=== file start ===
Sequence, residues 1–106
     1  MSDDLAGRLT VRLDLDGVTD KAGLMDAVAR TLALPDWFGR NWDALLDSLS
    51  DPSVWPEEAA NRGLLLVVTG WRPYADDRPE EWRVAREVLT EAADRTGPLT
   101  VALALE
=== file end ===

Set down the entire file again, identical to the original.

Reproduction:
Sequence, residues 1–106
     1  MSDDLAGRLT VRLDLDGVTD KAGLMDAVAR TLALPDWFGR NWDALLDSLS
    51  DPSVWPEEAA NRGLLLVVTG WRPYADDRPE EWRVAREVLT EAADRTGPLT
   101  VALALE